Tonight I have so much I want to write about, so many bits and pieces of memory and present that are braiding themselves together inside me, but at this exact moment as I type I am simply feeling grateful.
I drive these green-lined roads under thick grey skies and I remember the aches and sorrows and desire and fear that lived in me when I lived here last. I remember how sure I was that nothing was ever going to change, that I would always wake up from night terrors with my heart in my throat and my body awash in tension, that I would always feel unsatisfied, and unsatisfying, as though fully and forever incapable of connecting with others or believing they could truly like or love me for just who I was, flaws and all. I keep thinking about what a difficult person I must have been to live with, to be friends with, to try to love.
Today, over a lovely lunch, I listened to old friends talk about a couple of young people I used to know, who I knew when they were much younger than they are now; they are having a difficult time of it. They don’t see a forward ahead of them when they look to the future. They are sure they are alone and fighting the world, even though they have a swarm of supporters surrounding them, loving them from the distance at which they are kept.
Last night I offered Monica McIntyre’s song “Like A Lover” as a prompt to the Write Whole writers — if you haven’t met this woman’s amazing music, I invite you to do so now. Anyway, after rambling a bit in the notebook, this is what I dropped down into:
The singer says, “like a lover” – how would we talk to, treat ourselves, if we acted like our own lovers? What would it look like if we attended so deeply and gently and assiduously to our needs and desires? Drop in – I say into my own heart: I need space and deep quiet for my morning writing time. I say into my own heart: I am gladdest when I have spent some time every day with my fingers in soil, and in the preparation of food. I say into my heart: my body is all right. She is whole and strong, round just where she needs, and with a true a tremendous capacity for delight. I say into my own skin: you are whole. I say into my belly: you deserve to unknot. I say into my arms: you deserve to hold what keeps you whole. I say in-between my ears: you deserve space to unravel and meander. You deserve to weep and sing. You deserve the exhaustion of deep release. You deserve to come to conclusions, re-think, reconsider, change, unknow, decide for sure, and then do it all over again. You deserve to turn off the noise. You deserve poems that sing you awake. You deserve not to keep up with the Joneses. You deserve your own definition of enough.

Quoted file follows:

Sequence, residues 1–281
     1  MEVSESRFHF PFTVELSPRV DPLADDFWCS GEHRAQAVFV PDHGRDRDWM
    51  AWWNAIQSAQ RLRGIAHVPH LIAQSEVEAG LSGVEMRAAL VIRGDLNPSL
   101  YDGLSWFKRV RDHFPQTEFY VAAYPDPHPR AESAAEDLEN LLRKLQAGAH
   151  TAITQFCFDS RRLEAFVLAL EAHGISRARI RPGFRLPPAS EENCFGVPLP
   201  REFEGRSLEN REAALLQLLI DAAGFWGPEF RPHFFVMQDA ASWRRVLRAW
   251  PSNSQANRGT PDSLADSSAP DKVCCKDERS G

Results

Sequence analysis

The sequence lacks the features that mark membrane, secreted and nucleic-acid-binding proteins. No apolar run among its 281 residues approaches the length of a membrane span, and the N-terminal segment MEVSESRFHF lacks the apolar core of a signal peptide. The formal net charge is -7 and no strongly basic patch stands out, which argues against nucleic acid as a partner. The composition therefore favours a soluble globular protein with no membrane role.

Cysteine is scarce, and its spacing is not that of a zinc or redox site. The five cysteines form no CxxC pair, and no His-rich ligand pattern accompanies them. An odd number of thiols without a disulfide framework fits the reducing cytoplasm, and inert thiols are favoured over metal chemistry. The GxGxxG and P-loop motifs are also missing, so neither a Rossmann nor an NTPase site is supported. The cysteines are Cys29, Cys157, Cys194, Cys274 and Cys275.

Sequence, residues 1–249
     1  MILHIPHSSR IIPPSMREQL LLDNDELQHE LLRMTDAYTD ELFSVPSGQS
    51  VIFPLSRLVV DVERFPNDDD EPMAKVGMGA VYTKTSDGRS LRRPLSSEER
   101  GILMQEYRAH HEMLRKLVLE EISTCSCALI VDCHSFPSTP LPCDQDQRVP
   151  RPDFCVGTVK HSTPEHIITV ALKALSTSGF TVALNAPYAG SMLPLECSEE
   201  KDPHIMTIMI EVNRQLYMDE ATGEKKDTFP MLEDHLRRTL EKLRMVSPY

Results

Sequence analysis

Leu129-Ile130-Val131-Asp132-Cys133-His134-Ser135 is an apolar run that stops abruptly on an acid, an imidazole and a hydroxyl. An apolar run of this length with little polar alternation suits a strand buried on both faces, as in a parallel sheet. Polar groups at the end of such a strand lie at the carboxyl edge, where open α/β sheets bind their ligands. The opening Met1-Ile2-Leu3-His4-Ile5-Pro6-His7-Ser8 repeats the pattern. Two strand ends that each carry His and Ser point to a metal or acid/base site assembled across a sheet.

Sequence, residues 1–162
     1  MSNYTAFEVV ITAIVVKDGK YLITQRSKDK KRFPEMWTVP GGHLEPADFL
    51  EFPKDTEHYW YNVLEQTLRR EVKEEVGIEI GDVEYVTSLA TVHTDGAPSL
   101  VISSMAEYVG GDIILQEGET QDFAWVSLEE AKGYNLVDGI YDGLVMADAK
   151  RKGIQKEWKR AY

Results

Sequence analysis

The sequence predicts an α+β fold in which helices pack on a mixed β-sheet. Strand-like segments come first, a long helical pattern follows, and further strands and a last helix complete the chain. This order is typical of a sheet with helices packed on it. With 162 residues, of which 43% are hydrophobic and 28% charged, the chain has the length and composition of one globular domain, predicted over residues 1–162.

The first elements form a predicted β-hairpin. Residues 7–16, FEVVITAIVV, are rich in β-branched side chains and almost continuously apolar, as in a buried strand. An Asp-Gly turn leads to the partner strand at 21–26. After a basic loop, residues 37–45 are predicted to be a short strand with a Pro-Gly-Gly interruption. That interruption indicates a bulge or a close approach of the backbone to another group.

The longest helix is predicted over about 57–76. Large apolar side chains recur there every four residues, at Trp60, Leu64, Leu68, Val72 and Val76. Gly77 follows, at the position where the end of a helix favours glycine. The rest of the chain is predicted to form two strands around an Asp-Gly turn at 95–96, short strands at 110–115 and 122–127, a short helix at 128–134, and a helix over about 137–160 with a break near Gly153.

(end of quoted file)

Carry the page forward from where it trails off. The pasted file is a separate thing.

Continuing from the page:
I say into my self: You deserve to trust what you know about your own heart. You deserve the exact sort of pleasure your body prefers. You deserve to know what it’s like to be surprised by orgasm. You deserve as many orgasms as you want, no matter how long they take. You deserve to own the life you’ve crafted for yourself. You deserve to have survived. You deserve to treat yourself with the generosity and spaciousness you offer others. You deserve to know peace. You deserve to sleep well. You deserve to ask for what you want most even when you can’t figure away all by yourself to make it happen – you deserve to release that ask into a space where someone or something has resources greater than your single strong will and your single curious mind, and can come up with ideas you never could have imagined. You deserve to live in a state of curiosity and wonder. You deserve to live unafraid. You deserve to trust that he will never come after you. You deserve to know how to protect yourself. You deserve to trust that your beloved’s admiration is not clean enough for a demand, but simply a clarity of feeling: a delight and wonder at your precise you-ness.
Good morning, good morning, brilliances.
On this December 25, I just want to invite you to be easy with yourself. I don’t know about you, but I get stressed this time of year even when I’m not trying to find the perfect gift for everyone or panicking because I don’t have enough money or anxiously trying to navigate or orchestrate the needs and desires of blood family, chosen family, friends, and beloveds.
This is a good time of year for me to find a CODA meeting, quite frankly, and often the time of year when I’m least likely to make the time for that sort of self care.